The weather in the San Juans was just about perfect over the weekend: low 70s in the daytime, big fluffy clouds drifting over the aspens and dragging their shadows up the mountainsides. I would have enjoyed it a little more if I wasn’t trying to decide who to kill.
I’m 240 pages into editing the draft of my novel and sometime late last week, I decided someone else needed to die (and die sooner in the story). Writer’s bloodlust, I guess. If I have to lop off big chunks of the story to shorten this beast (147,000 words, if you’re keeping track at home), then someone’s going down with those parts of the ship. It just took a while to decide who would draw the proverbial black bean. It was a little creepy, mentally lining up my characters like the criminals in The Usual Suspects and saying to one of them: sorry, I know you survived in the draft, but…
Why kill someone else? Why increase the body count? Because these characters are making a perilous journey and I realized that the perilous part doesn’t really hit home until the climax, near the end of the novel. That made me think about something in Anne Lamott’s book (the wonderfully-written Bird by Bird), about letting bad things happen to your characters, and I’m realizing that I was a bit of an overprotective parent the first time through this story. So in the re-write, they’re getting knocked around more.
And one in particular gets knocked dead. A minor character. They have much higher mortality rates than main characters (did you know that the average life expectancy for a minor character today is only eight chapters? True fact). It was actually pretty easy once I convinced myself that she needed to go and plotted out how I’d do it. It was, I suppose, like a lot of pre-meditated murders: the planning took a lot longer than the actual deed. About 10 minutes of typing, and it was finished.
I haven’t even started the real re-write yet, by the way. I’m reading through the draft for the first time in about a year, getting familiar with the story again and alternately reaching for the scalpel and the chainsaw. The scalpel is all the little stuff that I can’t let pass without marking: tweaking descriptions and dialogue, minor trims to sentences and paragraphs, fixing punctuation. I’ve made, oh, about 5,000 of those so far.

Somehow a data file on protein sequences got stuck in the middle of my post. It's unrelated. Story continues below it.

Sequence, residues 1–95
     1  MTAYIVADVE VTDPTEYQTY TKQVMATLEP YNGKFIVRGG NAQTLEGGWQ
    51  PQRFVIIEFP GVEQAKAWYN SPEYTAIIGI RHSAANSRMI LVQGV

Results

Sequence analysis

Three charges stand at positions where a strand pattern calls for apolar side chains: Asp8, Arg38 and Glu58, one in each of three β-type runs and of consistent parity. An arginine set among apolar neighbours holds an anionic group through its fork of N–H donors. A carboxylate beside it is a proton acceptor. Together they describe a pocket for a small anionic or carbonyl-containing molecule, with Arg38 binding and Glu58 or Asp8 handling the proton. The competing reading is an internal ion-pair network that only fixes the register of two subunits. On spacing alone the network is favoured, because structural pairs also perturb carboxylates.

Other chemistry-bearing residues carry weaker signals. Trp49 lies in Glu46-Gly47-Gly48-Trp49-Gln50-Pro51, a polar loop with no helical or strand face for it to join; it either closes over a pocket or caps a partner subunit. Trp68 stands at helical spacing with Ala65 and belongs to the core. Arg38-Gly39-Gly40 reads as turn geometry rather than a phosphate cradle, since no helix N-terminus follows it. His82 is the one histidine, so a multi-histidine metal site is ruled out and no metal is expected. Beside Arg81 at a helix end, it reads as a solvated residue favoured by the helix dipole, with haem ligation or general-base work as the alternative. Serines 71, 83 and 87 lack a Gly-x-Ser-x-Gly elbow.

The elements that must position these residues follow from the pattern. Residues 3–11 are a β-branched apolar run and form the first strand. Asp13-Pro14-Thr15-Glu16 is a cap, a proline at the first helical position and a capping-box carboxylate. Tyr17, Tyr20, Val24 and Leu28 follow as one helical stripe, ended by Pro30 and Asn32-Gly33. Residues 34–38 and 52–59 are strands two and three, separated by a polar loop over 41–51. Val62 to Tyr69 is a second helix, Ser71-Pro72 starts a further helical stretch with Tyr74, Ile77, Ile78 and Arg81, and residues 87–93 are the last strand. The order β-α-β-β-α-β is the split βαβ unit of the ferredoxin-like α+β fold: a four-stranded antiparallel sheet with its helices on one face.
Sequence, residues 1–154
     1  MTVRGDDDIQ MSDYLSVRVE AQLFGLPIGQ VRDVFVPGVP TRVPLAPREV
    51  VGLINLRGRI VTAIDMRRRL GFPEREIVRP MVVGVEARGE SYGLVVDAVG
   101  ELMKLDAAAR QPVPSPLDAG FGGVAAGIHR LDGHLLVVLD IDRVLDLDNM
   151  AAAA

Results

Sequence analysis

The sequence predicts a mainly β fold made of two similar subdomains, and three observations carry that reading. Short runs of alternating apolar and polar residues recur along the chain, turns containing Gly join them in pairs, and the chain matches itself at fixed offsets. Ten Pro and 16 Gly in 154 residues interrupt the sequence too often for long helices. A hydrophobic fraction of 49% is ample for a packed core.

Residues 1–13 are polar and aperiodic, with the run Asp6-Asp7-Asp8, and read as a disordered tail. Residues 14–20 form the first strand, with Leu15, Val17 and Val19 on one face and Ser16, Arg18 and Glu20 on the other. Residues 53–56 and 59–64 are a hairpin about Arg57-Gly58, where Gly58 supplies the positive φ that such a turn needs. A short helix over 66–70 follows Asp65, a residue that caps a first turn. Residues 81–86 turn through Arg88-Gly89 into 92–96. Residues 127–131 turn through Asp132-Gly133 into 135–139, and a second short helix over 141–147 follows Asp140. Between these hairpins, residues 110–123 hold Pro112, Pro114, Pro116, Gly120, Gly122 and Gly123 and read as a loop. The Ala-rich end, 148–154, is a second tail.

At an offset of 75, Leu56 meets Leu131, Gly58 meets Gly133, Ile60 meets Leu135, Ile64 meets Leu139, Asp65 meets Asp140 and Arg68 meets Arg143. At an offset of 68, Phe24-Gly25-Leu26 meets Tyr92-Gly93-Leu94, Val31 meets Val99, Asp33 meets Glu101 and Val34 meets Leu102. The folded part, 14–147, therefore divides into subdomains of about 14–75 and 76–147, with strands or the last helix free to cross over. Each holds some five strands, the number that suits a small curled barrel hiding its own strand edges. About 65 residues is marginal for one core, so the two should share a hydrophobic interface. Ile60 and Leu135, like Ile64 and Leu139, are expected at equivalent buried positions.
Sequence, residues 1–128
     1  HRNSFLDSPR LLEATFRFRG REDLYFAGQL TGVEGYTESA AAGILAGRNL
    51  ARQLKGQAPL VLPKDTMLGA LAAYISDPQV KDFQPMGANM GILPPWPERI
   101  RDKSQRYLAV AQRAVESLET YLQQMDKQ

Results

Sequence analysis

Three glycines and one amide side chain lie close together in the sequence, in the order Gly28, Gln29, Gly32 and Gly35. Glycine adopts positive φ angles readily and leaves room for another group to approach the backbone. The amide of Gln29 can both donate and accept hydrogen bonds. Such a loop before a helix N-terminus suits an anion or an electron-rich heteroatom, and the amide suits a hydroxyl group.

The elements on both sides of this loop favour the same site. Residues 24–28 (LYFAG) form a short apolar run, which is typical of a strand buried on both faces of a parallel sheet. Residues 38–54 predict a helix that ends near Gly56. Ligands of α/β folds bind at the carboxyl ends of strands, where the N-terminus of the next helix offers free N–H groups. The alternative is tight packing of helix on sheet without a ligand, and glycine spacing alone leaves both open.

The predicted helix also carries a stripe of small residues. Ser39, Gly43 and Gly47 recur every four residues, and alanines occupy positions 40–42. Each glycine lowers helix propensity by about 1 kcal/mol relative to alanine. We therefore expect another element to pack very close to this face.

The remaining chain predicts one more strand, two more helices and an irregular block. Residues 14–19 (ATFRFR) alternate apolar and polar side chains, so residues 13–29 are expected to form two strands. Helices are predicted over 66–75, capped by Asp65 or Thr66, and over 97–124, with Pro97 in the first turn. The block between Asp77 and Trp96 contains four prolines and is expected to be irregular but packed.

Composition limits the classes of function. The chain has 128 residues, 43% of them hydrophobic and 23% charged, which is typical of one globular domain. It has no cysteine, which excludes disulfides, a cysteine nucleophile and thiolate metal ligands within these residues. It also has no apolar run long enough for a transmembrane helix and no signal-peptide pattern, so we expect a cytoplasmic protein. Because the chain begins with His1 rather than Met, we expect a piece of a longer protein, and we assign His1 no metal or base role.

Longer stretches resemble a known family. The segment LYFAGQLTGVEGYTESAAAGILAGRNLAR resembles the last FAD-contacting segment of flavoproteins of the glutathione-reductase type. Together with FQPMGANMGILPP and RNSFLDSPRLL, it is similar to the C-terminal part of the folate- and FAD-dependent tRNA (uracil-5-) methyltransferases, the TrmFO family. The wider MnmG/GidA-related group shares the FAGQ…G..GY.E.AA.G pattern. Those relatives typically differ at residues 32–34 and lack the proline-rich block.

I’ve also killed off entire chapters – probably more than ten so far. That’s the chainsaw work. Most were just little scenes that I liked, but in the cold light of editing, they don’t serve the greater story so they get the big “X” through them. One of them featured a rookie Border Patrol agent trying to interview a suspected undocumented immigrant near the river and botching the Spanish, while the man patiently answers the questions even though he can tell the agent means to ask something else. Then he starts speaking English because he’s not undocumented after all, he’s a local having some fun with this rookie. “I got the amnesty back in the ’80s,” he tells the agent. “God bless Ronald Reagan.” Hilarity ensues.
It’s gone. Chainsaw victim.
This is slow work, slower than I’d expected. I still had that newspaper mentality when I started this stage of the process, thinking I could burn my way through 50 pages a day (which is what I did the first time I “edited” the draft. Turns out I just tickled it a bit). Now I’m marking up every page, making notes about how I want to alter sections or whole chapters. When sudden inspiration has struck, I’ve re-written an entire chapter or significant parts of chapters. If I get through 25 pages in eight or nine hours, that’s a good day. Some days it’s more like 10 or 12.
Yesterday I “finished” 20 pages. This particular section was part of the buildup to the climax, and I’m seeing what a tangled mess I made. Dead-end plot tangents. Multiple twists that should be straight lines because they’re more confusing than intriguing. Little cameo characters who, like a tepid lover, arrive on the scene and quickly depart without making much of an impression or impact on anyone. Whack, whack, whack.
It feels good knowing that the story will be shorter, tighter – and hopefully a lot better. But I gotta admit, drawing big X’s through entire pages of prose that I remember agonizing over is … not so fun.
And when I’m done making all of my thousands of little marks on the hard copy, I’ll scoop them all up, along with all the new bits and pieces I’ve been writing on the laptop, and all the notes I’ve made in two legal pads, then take a deep breath … and start re-writing the whole thing from the beginning.
Then the real fun begins…